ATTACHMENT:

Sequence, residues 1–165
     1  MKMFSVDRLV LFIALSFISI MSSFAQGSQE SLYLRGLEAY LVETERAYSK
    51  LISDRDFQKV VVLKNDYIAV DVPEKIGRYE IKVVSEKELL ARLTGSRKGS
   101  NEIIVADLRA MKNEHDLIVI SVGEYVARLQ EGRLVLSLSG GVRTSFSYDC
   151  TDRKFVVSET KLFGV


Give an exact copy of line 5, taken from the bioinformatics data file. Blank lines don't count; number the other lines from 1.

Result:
   151  TDRKFVVSET KLFGV